14 Facts to Educate Your Patients During AMD Awareness Month


  • AMD Awareness Month is celebrated every February and brings awareness about age-related macular degeneration (AMD) to the forefront of eye care. 
  • AMD is the leading cause of blindness in older people in the U.S., making it vital for optometrists to educate patients about the condition. 
  • Sharing important facts about AMD with your patients and encouraging routine eye care can help them detect or manage AMD and protect their vision.

AMD Awareness Month happens every February and encourages everyone to understand the causes, symptoms, and prevention of age-related macular degeneration (AMD). As an optometrist, you can help your patients care for their eye health by sharing facts about the condition during AMD Awareness Month and recommending regular comprehensive exams.

History of AMD Awareness Month

Age-related macular degeneration (AMD) affects an estimated 18 million Americans and is the leading cause of blindness in people over 50 in the U.S. The number of people affected by AMD is expected to grow as more of the country’s 73 million baby boomers reach the age of 65.

AMD Awareness Month was started by Prevent Blindness in 2008 to raise awareness about the condition and encourage patients to seek early treatment from their optometrists. The American Academy of Ophthalmology reminds people that routine eye care and early-stage interventions are the best way to detect or prevent AMD and that those currently living with the condition can seek modern treatments to manage their symptoms.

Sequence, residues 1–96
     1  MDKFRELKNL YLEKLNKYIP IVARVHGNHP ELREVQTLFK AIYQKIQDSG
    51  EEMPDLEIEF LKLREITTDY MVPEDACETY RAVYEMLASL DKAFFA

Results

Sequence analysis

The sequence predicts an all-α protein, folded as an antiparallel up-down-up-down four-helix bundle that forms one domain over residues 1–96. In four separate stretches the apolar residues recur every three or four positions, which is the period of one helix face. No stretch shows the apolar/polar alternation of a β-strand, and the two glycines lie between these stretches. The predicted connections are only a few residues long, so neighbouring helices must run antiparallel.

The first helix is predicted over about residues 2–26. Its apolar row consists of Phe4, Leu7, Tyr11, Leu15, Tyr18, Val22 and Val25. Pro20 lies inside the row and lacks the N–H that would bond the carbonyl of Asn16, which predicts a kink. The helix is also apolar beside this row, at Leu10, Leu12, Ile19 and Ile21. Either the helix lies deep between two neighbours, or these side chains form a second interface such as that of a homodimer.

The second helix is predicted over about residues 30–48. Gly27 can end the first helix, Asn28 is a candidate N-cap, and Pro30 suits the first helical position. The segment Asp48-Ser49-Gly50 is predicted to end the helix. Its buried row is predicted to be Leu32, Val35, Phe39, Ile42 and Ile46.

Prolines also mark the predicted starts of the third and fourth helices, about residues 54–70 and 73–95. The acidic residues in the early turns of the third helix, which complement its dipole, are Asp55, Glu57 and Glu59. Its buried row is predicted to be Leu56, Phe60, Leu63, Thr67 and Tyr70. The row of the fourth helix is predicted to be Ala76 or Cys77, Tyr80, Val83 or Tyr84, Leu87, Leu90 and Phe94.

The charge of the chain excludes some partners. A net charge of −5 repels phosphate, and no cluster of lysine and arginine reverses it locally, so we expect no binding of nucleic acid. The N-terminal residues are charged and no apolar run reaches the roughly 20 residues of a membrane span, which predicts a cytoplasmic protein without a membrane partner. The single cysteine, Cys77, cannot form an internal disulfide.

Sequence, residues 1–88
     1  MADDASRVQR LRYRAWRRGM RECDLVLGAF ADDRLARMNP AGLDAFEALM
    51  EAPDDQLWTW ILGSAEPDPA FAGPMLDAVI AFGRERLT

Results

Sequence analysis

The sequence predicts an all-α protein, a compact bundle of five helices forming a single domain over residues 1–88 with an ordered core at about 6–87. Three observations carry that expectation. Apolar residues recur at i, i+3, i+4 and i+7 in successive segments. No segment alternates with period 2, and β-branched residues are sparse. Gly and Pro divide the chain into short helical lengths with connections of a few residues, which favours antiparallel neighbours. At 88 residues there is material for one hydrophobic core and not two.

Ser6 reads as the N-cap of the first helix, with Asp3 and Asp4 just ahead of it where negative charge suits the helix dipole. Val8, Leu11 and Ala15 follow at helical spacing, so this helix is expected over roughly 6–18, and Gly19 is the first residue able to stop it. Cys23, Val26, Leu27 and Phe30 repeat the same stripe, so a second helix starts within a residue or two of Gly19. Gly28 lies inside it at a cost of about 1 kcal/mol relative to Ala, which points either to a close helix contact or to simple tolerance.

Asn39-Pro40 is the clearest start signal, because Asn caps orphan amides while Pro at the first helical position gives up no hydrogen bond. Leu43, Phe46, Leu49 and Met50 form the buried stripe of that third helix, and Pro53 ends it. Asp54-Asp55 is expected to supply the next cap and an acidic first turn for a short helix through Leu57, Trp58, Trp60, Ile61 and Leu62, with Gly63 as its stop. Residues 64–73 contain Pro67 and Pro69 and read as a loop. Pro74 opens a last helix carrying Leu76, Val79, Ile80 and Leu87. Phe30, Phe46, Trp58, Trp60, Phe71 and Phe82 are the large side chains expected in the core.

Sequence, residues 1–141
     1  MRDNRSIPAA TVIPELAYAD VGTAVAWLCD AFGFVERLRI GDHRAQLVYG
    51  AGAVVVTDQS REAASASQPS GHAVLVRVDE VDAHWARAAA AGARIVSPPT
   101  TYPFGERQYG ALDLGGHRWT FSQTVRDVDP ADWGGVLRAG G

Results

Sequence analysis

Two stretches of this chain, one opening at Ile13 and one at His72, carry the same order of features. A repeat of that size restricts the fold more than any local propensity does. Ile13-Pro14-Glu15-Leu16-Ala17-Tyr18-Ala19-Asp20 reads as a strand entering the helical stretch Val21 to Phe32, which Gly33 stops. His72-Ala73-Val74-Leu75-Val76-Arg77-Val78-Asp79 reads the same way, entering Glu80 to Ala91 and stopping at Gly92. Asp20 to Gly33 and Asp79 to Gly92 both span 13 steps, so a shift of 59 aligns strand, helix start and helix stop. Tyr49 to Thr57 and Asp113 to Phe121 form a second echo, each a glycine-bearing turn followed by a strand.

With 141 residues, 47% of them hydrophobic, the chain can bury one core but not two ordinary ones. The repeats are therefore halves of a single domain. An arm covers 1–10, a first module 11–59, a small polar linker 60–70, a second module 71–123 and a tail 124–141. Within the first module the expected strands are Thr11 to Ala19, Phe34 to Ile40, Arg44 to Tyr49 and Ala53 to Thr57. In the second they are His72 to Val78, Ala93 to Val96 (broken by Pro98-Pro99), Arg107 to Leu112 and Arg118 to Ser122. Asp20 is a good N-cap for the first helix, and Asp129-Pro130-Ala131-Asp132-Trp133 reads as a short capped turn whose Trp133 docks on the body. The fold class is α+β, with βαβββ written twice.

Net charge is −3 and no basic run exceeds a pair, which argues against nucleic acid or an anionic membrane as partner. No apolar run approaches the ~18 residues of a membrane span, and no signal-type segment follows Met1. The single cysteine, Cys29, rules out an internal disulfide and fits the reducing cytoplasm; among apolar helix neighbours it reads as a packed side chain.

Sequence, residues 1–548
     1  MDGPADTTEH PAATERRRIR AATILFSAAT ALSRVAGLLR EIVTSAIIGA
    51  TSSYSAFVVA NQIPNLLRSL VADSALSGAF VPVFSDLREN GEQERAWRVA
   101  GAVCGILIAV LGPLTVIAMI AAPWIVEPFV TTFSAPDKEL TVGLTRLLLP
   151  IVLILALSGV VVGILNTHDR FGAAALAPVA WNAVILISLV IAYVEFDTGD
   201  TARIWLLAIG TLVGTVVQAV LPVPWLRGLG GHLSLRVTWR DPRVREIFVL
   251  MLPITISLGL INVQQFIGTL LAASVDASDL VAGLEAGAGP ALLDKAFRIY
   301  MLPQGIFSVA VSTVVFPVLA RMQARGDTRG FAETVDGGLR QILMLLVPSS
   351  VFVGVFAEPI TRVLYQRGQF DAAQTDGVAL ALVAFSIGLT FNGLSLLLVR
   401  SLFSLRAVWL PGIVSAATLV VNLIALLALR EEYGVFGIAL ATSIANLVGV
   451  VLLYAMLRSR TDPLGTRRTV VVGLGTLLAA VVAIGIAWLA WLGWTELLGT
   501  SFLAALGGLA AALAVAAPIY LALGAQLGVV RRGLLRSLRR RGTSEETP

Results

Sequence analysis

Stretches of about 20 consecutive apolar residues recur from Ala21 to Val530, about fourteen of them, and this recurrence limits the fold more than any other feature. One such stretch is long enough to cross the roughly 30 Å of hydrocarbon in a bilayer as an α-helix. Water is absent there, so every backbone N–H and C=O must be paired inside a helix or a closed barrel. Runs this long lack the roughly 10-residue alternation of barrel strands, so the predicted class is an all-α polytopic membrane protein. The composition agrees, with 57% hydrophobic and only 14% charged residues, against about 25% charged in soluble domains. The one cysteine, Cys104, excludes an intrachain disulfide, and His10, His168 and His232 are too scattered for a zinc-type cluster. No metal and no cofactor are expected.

14 Facts About AMD to Share with Your Patients

As part of ongoing optometry patient education, you can share important facts about AMD at your practice and online this February. The following information highlights the risk factors of AMD and can help your patients make practical lifestyle and eye care choices to prevent or manage the condition.

1. AMD is the Leading Cause of Adult Blindness in America

Approximately 20 million American adults experience some form of AMD, with around 1.6 million experiencing irreversible late-stage AMD. Once AMD reaches the late stages, it causes central vision loss.

2. Too Much Sunlight Can Increase AMD Risk

Sunlight is the primary source of UV-A radiation, which can cause oxidative damage to the retina, leading to the formation of yellow deposits called drusen. Enlarged drusen is a primary indicator of AMD.

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3. Your Diet Can Reduce Your Risk of AMD

Obesity and high cholesterol are two risk factors for developing AMD. However, you may be able to reduce your AMD risk by modifying your diet. A study published by The American Journal of Clinical Nutrition suggests that adherence to a Mediterranean diet high in antioxidant-rich fruits, vegetables, and legumes can reduce the progression of AMD.

4. 65% of AMD Cases Are Women

While biological sex is not the primary determining factor behind AMD, women have a higher prevalence of AMD than men. This may be due to women’s longer life expectancy because the risk of developing AMD increases with age.

5. AMD is More Prevalent in Caucasian Populations

AMD can affect people of all races; however, a 2016 study showed that people of caucasian descent had a higher prevalence of AMD. 5.4% of non-Hispanic white Americans participating in the had AMD, while the lowest incidence was seen in Black participants at only 2.4%.

6. Routine Eye Care Can Prevent Irreversible Vision Loss

Around 22.7% of people with early-stage AMD experience an onset of symptoms over about 15 years. Although there is no cure for AMD, routine eye care can help detect it early and manage symptoms with progression monitoring, lifestyle changes, and special dietary supplements. Regular in-person and virtual appointments help screen for AMD symptoms early on and can improve long-term outcomes.